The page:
Is it Possible to be Too Empathetic?
Empathy can be defined as walking in someone else’s shoes, really feeling their suffering. Certain professions attract empaths: caregivers, customer service reps, healthcare workers, emergency services workers, social workers to name a few. Perhaps by virtue of personality, professional socialization or performance expectations, they lose track of whose distress they feel. If you believe you haven’t done your job unless you’re completely drained, you could be one of them. The problem is it’s impossible to sustain a life of constant giving if you never fill the well. In very practical terms, how can you help others if you’re mired in the muck with your patient/client/customer?
Some degree of emotional distance is necessary to function in demanding jobs. Those who “give everything” usually have trouble setting boundaries, which in this instance is deciding how much of someone else’s discomfort you’re willing to take on as your own. You want to be attentive to the person and the problem without depleting yourself.
Boundary’s first cousin is compartmentalization. This is a technique by which you funnel feelings into a mental “compartment” until such time that you have the bandwidth, strength or support to experience charged emotions. Virtually everyone who serves in first responder roles has to push overwhelming feelings to the side to be effective and survive.
If you compartmentalize, it’s important to do so in a healthy way. The unhealthy way is to lock emotions in a closet and hope they’ll disappear. Since they don’t evaporate, they can show up unbidden in self-destructive behavior or relationship-destroying actions.
Healthy compartmentalization allows for strong feelings to be handled safely. There are lots of options for recognizing charged feelings and learning from them without being overcome by them. Alternatives include therapy, journaling, and support groups. To restore oneself and gain perspective, activities such as being with loved ones, engaging in hobbies, spending time in nature, meditating, and/or spiritual practices are excellent avenues.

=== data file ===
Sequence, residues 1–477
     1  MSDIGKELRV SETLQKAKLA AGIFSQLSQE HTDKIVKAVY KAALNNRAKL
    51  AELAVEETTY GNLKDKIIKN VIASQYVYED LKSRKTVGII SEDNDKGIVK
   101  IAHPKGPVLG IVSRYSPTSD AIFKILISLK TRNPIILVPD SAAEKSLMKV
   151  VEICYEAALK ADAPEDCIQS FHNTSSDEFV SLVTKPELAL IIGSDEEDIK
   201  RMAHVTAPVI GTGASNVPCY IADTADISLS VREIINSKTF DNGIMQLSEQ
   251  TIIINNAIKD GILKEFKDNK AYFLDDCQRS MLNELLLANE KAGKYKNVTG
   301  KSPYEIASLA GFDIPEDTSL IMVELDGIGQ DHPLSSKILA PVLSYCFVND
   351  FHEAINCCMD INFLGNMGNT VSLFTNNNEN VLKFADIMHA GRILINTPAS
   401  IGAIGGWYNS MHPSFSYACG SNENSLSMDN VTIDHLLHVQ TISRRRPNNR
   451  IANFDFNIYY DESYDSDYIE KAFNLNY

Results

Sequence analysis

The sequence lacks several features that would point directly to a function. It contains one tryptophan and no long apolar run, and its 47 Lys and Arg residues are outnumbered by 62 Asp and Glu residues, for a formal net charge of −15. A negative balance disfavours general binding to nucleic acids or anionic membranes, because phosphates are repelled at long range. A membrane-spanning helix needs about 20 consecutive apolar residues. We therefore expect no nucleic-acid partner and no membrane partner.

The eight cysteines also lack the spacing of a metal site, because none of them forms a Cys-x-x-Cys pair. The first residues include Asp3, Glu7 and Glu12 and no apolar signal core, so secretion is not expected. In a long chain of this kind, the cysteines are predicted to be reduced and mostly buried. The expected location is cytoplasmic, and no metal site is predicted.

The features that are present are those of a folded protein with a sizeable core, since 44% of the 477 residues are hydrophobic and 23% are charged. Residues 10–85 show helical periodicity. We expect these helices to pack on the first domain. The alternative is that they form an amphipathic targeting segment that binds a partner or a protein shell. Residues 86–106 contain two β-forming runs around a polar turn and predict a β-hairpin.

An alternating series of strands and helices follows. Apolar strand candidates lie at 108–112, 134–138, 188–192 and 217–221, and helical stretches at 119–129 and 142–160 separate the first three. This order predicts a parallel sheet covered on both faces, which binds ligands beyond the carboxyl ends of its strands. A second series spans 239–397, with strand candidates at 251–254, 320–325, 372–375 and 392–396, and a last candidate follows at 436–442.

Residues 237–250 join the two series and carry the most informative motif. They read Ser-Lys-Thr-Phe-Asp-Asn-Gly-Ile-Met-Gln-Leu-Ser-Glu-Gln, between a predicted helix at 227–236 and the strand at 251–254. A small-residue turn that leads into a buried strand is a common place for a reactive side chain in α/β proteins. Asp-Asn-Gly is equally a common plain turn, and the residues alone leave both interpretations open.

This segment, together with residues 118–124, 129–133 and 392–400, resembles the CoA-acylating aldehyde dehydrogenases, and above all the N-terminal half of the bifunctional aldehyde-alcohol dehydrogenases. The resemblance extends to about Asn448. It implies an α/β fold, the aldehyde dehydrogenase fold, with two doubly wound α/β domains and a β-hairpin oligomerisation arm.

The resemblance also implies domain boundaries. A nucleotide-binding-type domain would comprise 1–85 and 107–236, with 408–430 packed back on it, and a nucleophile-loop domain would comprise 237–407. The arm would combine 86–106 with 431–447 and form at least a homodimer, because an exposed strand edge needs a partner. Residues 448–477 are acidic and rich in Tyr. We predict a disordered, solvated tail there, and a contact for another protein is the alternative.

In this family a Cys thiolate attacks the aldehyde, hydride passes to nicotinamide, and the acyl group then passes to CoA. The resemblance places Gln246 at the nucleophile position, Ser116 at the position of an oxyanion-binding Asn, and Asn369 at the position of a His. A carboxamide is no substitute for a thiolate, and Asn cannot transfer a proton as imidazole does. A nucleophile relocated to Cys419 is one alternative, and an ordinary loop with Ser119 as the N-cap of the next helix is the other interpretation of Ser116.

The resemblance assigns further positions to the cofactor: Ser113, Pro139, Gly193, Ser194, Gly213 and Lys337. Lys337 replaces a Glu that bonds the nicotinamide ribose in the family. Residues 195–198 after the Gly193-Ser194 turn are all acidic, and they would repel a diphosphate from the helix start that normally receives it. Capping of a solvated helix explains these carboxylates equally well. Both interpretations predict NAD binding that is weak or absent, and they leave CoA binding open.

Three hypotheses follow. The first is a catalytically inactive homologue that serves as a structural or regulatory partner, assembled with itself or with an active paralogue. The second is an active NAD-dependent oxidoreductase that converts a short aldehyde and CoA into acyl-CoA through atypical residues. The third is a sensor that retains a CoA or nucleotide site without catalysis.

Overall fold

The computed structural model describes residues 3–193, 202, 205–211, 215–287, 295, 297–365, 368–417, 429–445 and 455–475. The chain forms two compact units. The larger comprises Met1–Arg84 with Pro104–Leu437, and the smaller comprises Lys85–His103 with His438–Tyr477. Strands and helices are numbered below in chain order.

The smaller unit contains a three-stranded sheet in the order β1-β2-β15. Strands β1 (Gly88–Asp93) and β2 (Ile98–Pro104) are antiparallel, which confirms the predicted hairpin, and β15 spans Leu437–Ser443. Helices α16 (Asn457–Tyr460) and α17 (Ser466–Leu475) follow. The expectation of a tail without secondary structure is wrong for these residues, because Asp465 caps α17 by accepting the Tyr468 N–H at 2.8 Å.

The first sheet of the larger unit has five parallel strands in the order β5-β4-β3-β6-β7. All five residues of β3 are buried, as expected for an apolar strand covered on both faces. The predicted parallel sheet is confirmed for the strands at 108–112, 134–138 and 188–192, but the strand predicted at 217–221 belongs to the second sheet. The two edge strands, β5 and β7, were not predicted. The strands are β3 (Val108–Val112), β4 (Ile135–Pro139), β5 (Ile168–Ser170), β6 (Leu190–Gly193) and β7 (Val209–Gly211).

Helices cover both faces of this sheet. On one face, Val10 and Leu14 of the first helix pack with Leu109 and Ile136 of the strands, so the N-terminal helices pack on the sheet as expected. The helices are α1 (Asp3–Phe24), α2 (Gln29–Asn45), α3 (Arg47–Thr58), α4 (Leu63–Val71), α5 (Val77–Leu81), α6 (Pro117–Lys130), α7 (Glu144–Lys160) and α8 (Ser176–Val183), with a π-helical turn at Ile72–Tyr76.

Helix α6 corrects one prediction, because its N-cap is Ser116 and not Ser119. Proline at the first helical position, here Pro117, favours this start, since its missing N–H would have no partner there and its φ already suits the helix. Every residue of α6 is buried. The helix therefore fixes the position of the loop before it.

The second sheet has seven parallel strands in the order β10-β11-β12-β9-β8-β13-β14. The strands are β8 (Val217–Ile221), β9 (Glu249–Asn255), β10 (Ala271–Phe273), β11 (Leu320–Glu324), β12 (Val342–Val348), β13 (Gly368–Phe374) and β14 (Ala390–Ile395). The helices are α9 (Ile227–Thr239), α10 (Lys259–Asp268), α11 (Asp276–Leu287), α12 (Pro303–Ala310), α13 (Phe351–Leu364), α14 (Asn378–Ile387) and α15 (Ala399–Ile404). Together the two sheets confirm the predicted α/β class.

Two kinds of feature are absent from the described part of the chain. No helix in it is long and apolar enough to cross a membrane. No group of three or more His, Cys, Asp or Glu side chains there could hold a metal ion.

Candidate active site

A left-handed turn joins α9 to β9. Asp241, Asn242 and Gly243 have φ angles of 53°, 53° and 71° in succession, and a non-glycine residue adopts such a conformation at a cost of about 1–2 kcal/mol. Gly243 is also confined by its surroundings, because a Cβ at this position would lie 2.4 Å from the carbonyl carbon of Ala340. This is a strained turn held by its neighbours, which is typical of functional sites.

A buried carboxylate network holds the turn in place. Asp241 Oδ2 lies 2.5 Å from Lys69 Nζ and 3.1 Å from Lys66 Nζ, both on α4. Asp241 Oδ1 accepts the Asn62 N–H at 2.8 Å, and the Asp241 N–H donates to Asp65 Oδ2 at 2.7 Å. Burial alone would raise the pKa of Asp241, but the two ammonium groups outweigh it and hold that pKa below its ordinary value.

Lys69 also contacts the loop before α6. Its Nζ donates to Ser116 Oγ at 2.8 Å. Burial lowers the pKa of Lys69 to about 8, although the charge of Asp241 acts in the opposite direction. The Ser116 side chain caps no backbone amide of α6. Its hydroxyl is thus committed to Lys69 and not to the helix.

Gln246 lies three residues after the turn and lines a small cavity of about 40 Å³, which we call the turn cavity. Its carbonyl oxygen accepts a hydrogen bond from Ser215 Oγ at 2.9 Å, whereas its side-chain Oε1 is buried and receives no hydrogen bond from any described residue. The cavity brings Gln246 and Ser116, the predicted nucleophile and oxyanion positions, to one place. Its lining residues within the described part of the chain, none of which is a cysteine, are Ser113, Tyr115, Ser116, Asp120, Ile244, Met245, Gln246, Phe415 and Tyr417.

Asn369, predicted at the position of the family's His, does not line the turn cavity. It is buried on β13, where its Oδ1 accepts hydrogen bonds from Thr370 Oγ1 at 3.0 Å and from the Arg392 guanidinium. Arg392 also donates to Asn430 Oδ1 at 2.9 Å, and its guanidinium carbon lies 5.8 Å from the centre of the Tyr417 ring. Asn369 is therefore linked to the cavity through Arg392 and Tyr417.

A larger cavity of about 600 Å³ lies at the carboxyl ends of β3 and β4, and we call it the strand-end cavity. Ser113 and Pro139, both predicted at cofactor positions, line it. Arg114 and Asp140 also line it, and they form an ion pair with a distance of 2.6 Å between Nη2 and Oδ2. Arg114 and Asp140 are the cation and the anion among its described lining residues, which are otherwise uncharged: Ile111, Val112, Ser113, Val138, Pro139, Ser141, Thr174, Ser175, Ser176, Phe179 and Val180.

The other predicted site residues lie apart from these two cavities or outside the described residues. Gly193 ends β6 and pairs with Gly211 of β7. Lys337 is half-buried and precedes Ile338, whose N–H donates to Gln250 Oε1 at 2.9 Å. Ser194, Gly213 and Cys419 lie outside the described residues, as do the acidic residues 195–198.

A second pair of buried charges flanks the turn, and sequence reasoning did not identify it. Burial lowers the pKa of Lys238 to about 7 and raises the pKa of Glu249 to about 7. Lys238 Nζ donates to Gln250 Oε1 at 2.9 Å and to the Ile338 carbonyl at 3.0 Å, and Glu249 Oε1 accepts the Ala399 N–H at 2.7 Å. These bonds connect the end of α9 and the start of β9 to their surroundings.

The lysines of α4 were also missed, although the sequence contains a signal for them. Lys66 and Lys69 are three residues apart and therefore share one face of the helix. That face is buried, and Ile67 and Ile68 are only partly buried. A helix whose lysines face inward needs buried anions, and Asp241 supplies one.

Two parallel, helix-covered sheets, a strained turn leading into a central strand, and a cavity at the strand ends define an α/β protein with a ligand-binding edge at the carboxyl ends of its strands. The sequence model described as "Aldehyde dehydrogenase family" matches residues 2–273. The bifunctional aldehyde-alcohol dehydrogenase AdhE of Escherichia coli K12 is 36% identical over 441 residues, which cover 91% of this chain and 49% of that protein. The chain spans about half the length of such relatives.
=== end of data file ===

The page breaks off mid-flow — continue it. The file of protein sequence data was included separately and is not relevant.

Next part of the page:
Having a variety of ways to cope and restore is ideal. However, none of them will work well if you ignore nutrition, exercise, and sleep. When you’re overburdened, it’s tempting to skimp on the basics. Decide you won’t skip meals, that you’ll set a timer to remind yourself to get up and walk around, and that you’ll adhere to a bedtime (which means putting away screens so you can sleep). No one functions well when they’re running on empty.
Sympathy is listed as a synonym for empathy, but they are not the same thing. Sympathy is compassion but with emotional distance. When you’re sympathetic, you notice the other person’s pain but don’t take it on as your own. Used well, it acknowledges the gravity of the situation then moves rather quickly to “and this is what we’re going to do about it.” It’s both reassuring and action oriented. But when done poorly, sympathy comes across as fake or superficial. One of the worst offenders is the statement, “I know how you feel,” because you don’t.
While sympathy can be functional in emotionally challenging jobs, experiencing empathy is an important part of being in the human family. Without it, I’m not sure we’d be compelled to make changes that benefit others. For example, the natural disasters that occur with increasing regularity may lead to sympathy and an intellectual understanding of the problems, but if the tragedy doesn’t intimately affect you, you don’t feel an urgency to act. If you have empathy and put yourself in those peoples’ shoes, you might be more inclined to change personal behavior that contributes to increasingly severe climate conditions.
Our empathy is currently required for the tens of thousands of burned-out workers in this country. We need to imagine ourselves in their shoes. Professions that have always been emotionally difficult for the overly-empathetic have become traumatic during the pandemic. Those on the front lines, whether empaths or not, are exhausted. We haven’t begun to calculate the real costs to those who have given (and continue to give) so much. Nor do we know what the ultimate cost to society is if we lose them to illness, death or departure from their professions.
If you are one of those burned-out workers, please do what you can daily to “put on your oxygen mask” first. It may seem impossible to do one more thing when you’re short staffed and working long hours. The key is to choose small, easy things that provide tiny hits of physical, mental, and spiritual restoration. Get back to the basics listed above. Look for reasons to smile and laugh—and don’t feel guilty about it. Take advantage of support groups and grief groups. Talk to people who lift you up and avoid those who bring you down.
For the rest of us who aren’t in the trenches, it’s beyond time for us to feel enough personal discomfort that we make personal decisions to help wind down this pandemic. Beyond cheering each other on we have to make a real difference through our prosocial actions. We can do this.